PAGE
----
Using Screens without Hymnals

Taigen Joos

movie theater interior

From time to time, I get the opportunity to attend public worship with other church assemblies around the country. I am glad to observe how other churches “do worship” but also to participate in other services without the pressure of being the leader of it. One observation is the predominant use of projecting the words of congregational songs onto a wall or a screen. Sometimes this is accompanied by an invitation to use the hymnal, but many times it is not. Sometimes there is no hymnal to be used. After some thought, there are several observations I have about using screens for singing without even the option of a hymnal. 

DISCLAIMER: I am by no means saying that using a screen is sinful, but only saying that certain things need to be considered if/when screens are used for congregational singing.

Observation #1—Even if hymnals are available and acknowledged, hardly anyone (if anyone) in the congregation uses them.

Perhaps this is because of convenience. Perhaps it is because of unspoken peer pressure to not seem “old fashioned” by using a hymnal. Perhaps there are other reasons. Plus, let’s face it, there is just something enthralling about using a screen. However, it would be a mistake if a church communicates either overtly, or subliminally, that physical hymnals are no longer needed or desired.

Observation #2—Generally, there is very little to no harmony being sung by the congregation.

It is true that melody drives a song, and that unison singing can be edifying. However, harmonies are not unedifying, nor are they a detriment to hymn singing. Harmony is what helps give a song a certain flavor, character, and beauty. There is beauty in sung harmony that supports the melodic line. The great choral or orchestral works are not filled with every voice or instrument in unison for the entirety of the piece. Harmonic lines are introduced that enhance the beauty of the piece and make it more interesting. 

When a congregation cannot see harmonies written on the page, only those who know the hymn well and who have any kind of vocal ability and training will sing harmonies—maybe. Four-part hymn writing is not merely for the pianist to use but is for congregations to sing as well. Many congregations are missing out on the beauty of harmony in their singing, which I believe is at least partly due to the use of screens without hymnals. This, in turn, is producing churches that are more musically inept than previous generations.

Observation #3—It is much more difficult to teach through the stanza progression of hymns when only a screen is used.

One of the things I do sometimes with our congregation is talk through a hymn before singing it. I may ask a question about the meaning of a word or the poetic picture being portrayed. I may point out the connection between stanzas or highlight key ideas throughout the various stanzas. This is easy to do that when a person can glance at the entirety of the hymn on a single page.

For instance, the hymn “O for a Thousand Tongues to Sing” by Charles Wesley has connections from the end of each stanza to the beginning of the next. I can show that to my congregation very simply using a hymnal, but it is virtually impossible to do so on a screen in the same way.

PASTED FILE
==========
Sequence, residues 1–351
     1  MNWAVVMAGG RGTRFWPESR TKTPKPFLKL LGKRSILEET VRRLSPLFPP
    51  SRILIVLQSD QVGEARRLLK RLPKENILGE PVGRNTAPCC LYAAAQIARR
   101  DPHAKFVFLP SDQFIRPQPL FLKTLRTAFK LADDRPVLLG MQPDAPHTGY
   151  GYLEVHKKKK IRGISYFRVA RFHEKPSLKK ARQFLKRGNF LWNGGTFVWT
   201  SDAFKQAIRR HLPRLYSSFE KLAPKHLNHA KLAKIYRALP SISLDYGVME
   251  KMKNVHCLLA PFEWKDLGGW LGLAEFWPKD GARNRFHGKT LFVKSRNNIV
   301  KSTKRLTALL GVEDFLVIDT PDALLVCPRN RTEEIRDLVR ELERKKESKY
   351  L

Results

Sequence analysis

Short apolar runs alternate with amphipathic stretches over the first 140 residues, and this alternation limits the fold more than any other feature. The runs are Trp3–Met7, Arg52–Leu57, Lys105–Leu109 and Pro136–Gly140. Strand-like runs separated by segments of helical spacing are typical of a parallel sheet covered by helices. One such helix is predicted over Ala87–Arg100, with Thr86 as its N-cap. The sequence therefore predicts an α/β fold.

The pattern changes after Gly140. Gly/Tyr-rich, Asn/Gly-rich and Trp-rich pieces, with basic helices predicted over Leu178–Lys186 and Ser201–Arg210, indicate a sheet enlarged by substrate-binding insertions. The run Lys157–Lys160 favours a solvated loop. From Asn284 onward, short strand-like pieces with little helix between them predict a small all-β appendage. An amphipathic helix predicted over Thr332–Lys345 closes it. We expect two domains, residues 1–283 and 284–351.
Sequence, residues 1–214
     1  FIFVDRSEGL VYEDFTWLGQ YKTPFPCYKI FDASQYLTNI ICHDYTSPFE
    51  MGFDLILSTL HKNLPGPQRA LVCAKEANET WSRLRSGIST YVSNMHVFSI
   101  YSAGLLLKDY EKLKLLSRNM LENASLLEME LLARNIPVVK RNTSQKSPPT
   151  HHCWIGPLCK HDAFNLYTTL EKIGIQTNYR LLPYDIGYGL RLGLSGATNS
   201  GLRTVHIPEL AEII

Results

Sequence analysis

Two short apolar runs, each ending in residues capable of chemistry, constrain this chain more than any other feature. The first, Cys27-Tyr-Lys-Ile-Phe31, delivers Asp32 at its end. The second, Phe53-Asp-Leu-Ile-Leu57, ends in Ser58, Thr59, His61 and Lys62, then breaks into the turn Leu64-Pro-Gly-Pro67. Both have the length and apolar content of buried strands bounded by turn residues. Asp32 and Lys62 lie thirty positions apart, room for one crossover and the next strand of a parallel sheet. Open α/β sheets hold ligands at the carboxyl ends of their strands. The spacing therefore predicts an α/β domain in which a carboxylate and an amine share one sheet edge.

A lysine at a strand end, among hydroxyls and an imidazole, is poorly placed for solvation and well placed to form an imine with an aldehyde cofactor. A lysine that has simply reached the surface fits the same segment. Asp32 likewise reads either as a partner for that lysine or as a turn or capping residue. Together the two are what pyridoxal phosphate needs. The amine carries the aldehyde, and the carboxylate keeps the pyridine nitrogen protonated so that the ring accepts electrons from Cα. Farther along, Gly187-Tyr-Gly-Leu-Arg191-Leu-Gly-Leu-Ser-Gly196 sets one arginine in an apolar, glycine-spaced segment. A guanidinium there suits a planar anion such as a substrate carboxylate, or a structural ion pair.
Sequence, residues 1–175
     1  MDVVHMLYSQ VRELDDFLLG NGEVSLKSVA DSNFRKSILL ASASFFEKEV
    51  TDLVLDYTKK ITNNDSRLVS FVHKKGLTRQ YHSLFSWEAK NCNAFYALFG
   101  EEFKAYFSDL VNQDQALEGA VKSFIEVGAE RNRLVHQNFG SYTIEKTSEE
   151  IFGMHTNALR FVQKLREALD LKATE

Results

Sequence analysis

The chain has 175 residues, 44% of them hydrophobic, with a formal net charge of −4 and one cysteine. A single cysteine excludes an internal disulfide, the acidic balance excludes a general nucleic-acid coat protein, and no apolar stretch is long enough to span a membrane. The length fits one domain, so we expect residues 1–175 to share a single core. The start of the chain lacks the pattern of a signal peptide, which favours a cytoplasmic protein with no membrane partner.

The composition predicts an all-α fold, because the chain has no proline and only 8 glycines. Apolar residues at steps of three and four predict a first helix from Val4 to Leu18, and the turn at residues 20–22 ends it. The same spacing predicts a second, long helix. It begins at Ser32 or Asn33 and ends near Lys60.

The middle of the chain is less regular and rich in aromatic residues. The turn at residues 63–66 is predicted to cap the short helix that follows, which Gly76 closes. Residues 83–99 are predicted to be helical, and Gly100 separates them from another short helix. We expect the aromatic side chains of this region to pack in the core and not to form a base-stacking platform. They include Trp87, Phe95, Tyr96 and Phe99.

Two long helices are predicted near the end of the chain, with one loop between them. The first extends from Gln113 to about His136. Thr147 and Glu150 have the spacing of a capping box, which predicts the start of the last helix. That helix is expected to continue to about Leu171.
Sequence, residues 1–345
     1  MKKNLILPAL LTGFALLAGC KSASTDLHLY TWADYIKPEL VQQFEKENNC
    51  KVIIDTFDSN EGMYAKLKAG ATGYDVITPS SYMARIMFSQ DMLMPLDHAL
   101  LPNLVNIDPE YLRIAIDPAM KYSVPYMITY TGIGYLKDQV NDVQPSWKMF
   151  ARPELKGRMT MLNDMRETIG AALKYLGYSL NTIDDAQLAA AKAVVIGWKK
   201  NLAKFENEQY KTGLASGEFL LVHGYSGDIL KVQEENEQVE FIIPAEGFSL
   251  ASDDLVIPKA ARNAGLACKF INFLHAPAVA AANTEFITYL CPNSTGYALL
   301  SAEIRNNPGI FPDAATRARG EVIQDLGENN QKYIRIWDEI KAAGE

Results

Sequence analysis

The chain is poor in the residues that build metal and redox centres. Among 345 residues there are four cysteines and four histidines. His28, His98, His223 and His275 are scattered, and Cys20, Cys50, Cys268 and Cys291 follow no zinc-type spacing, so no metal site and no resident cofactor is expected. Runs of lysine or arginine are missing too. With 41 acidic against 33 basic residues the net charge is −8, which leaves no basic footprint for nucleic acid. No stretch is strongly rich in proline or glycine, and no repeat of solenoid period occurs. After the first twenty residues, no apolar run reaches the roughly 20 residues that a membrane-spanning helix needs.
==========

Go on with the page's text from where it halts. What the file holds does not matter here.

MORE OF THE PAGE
In other words, the hymnal is a teaching tool, not merely a catalog of songs. I want to teach my congregation about the nature of good hymn writing and poetry. I contend that this is much easier to do using a hymnal than only a screen.

Observation #4—Only those familiar with the hymn can sing it.

This is the most frustrating part of going to churches who use screens and not hymnals. If I do not know a hymn/song being sung, and there is no written music for me to read, I cannot sing. I am not even given the opportunity to sing. I am forced to be primarily an observer for those few minutes, listening to other people sing, but not able to join in myself. 

Corporate worship is meant to enable everyone to participate, not simply to watch. When I go to corporate worship, I want to participate in the singing. If there is a hymn I do not know, I want to see the music so I can sing it and participate more fully. I don’t want to simply listen.

Of the four observations, this is one that I think every church using screens needs to consider. If unbelievers attend your worship service, they may not sing anyway, but at least give them the opportunity to do so by providing hymnals. And if other believers attend, give them the opportunity to sing every hymn that you do. Your congregation may know all of them very well, but guests may not. This is where a hymnal will be helpful.

I believe it is unwise to purposefully inhibit people from at least having the opportunity to see the music of a hymn. It is a person’s choice whether they sing or not, but at least give them the chance.

Hymnals are wonderful tools, used to help people sing harmonic lines, and teaching them the nature of good poetry and hymn writing. You still may not get 100% participation, but there won’t be an excuse for not singing.

My advice—if you choose to use a screen for congregational singing, do not jettison your hymnals, but rather provide people the chance to use them, learn the harmonies, see the text in full, and participate in the singing, even if they don’t know the hymn. 

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